1. “Knocking a guy silly and watching him crash-land is a beautiful thing,” Chuck says, “and when word spread that you were the toughest guy on the base, it was a lot easier to get the chicks.”
Chuck seems oblivious to the kids playing in the park outside his window as he reclines in his favourite chair, thick arms folded across his chest, watching his beloved NY Yankees on the big screen TV.
Mark Collings, writing for the Sabotage Times, spends some time in the company of Chuck Wepner, the inspiration behind Sylvester Stallone’s Rocky, and discovers that real life has a habit of confounding the clean lines and predictable arcs of Hollywood narrative.
2. “No more dragging yourself out of bed when it’s still dark out. No more fighting through miles of traffic, everyone around you bound to the same schedule, stuffing muffins in their faces, spilling coffee on their laps, texting with one hand, driving with no hands. No risk of getting dumped or fired or scorned for being late. There are no deadlines. Only moments. Only possibilities.
You might go the rest of your life and never see a more perfect example of that existence than what happened last night. Only baseball could have made that happen.”
The sixth game of this year’s World Series was, by all accounts, one of the greatest post-season duels in MLB history. Relive the magic with Grantland’s Jonah Hari, for whom the game’s pitch-perfect blend of the improbable, the brave and the very, very late was a example of all that is and can be great about baseball.
3. “I cannot resist the temptation to award Mr Terry the benefit of any doubt, and acclaim him the most relentlessly wronged character English football has known. False accusations have plagued him ever since he became a piece of furniture – a stout oak hatstand, to be precise, with the turning circle of an oil tanker – in the Chelsea defence.”
Like many’s an impartial observer, Matthew Norman has grown tired of John Terry’s self-regard. His satirical column in this week’s Telegraph targets the defender’s taste for assuming the role of matyr, no matter how incongruous or unwarranted the scenario.
4. “The Packers have benefited from a league structure that’s orderly, predictable, and by the standards of other sports, egalitarian: The bulk of the Packers’ revenues, $96 million, still comes from the team’s share of the NFL’s television deal, which is split evenly among all 32 franchises. Nothing like the Packers can happen again. The NFL’s ownership rules forbid the model of public shareholders; the NFL’s goal is to ensure that clubs have a single owner with financial resources and management accountability.”
As European football struggles to come to cope with an increasingly unstable financial landscape, the case of the Green Bay Packers can be an instructive one. Karl Taro Greenfield, writing for Businessweek, explains why the fan-owned phenomenon that is the NFL’s most successful franchise is a model of sound management.
5. “Because the FA has been pushing so commendably hard to stamp out racism as much as possible in recent years, it has to be shown to be taking a lead and being decisive on this issue.
“The men in charge at Wembley must address these allegations as a matter of urgency. They can’t just hope it goes away because it will undermine all the efforts they have made to eradicate racism.”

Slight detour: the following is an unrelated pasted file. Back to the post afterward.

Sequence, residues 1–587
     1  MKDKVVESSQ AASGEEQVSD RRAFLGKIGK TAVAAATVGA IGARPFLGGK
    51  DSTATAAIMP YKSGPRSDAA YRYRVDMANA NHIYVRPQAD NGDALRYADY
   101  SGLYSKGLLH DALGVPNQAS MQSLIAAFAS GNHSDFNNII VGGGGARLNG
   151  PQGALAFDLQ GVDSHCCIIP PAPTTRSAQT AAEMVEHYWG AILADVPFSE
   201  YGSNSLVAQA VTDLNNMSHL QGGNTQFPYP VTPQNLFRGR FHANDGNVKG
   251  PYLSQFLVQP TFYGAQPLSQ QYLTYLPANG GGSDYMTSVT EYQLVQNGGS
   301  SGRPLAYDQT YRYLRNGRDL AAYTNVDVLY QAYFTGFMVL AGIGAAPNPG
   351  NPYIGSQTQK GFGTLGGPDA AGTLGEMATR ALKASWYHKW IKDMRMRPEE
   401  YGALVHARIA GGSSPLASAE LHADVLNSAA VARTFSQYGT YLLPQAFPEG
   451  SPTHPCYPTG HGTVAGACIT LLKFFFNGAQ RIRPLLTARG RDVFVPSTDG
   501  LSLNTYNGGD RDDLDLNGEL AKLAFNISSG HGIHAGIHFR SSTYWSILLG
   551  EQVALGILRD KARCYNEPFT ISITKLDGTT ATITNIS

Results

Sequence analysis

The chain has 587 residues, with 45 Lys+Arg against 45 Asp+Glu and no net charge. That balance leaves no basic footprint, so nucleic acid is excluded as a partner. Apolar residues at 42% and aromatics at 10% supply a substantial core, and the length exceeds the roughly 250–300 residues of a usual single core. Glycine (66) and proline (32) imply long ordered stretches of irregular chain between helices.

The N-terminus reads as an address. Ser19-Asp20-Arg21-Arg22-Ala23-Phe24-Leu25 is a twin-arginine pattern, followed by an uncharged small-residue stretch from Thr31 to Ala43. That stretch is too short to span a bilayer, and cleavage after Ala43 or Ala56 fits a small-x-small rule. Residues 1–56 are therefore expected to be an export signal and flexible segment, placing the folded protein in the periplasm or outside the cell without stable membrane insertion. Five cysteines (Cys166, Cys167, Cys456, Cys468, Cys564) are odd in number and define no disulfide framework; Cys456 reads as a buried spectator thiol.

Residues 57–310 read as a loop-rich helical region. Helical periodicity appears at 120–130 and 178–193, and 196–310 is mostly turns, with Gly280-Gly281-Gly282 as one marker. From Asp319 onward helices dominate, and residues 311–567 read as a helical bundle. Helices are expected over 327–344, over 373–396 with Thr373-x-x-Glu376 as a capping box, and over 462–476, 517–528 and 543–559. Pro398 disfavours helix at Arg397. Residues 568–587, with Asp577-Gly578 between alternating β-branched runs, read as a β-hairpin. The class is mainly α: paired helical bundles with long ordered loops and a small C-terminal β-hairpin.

Footballer-turned-Eurosport pundit Paul Parker– the same Paul Parker who castigated Patrice Evra for reporting his alleged abuse at the hands of Liverpool’s Luis Suarez last week– urges the FA to take a strong line with John Terry should the defender be found guilty of racially abusing Anton Ferdinand. Hypocrisy at its most illogical.
6. “In popular accounts, they are almost invariably described as ‘panics.’ The crowd is portrayed as a single, unified entity, which acts according to ‘mob psychology’—a set of primitive instincts (fear, followed by flight) that favor self-preservation over the welfare of others, and cause ‘stampedes’ and ‘tramplings.’ But most crowd disasters are caused by ‘crazes’—people are usually moving toward something they want, rather than away from something they fear, and, if you’re caught up in a crush, you’re just as likely to die on your feet as under the feet of others, squashed by the pressure of bodies smashing into you.”
John Seabrook‘s unflinching history of crowd fatalities in this week’s New Yorker is, given the British parliament’s recent decision to revisit the Hillsborough disaster, a timely examination of an unnerving social phenomenon. (Warning: reader discretion advised; article contains a disturbing image.)
7. “Frankly, it came as a shock. The distinguished gentleman, beautifully groomed greying hair, kempt moustache, crisp white shirt, well-cut suit, leant across the desk with a twinkle in his venerable eye.
‘Cricket,’ he said, ‘has to die.’”
Cricket may be India’s national pastime, but a small and enthusiastic crowd of partisans are masterminding a guerrilla war in the name of football. The Independent‘s Stephen Brinkley is nothing if not intrigued.
8. “Defeat in the individual sprint provides a brutal spectacle… the losing cyclist warms down in the middle of the arena. And there is an almost unbearable poignancy in watching Pendleton warm down after her loss. Round and round she rides, her pain magnified by the fact that her circling takes her right past the press tables and some of her most stringent critics.”
Victoria Pendleton is an Olympic gold medallist and track cycling world champion. But, as the Guardian’s Donald McCrae finds out, her success has been built on a foundation of fragility and self-doubt. With London 2012 less than a year away, her inner struggles appear to be taking their toll.